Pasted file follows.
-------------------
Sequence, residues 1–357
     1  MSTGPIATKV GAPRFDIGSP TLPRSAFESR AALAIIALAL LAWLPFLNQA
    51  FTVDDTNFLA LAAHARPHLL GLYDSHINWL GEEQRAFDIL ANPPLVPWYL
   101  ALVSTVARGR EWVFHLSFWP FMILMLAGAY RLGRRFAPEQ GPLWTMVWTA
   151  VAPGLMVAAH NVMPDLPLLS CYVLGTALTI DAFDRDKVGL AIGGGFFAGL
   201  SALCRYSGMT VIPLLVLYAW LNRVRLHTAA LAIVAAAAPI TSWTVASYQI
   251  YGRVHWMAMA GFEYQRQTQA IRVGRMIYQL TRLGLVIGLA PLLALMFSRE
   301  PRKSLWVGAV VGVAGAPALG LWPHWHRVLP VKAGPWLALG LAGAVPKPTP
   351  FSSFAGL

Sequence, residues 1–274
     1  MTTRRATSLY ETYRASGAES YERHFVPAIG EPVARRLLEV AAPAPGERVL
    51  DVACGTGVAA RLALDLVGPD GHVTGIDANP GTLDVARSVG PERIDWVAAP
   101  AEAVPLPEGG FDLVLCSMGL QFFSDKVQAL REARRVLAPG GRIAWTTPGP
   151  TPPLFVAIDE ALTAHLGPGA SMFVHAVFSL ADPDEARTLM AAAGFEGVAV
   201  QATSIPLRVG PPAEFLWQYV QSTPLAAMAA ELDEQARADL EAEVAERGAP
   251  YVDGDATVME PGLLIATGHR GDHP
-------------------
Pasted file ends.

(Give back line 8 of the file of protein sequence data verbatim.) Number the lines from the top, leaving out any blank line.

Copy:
   301  PRKSLWVGAV VGVAGAPALG LWPHWHRVLP VKAGPWLALG LAGAVPKPTP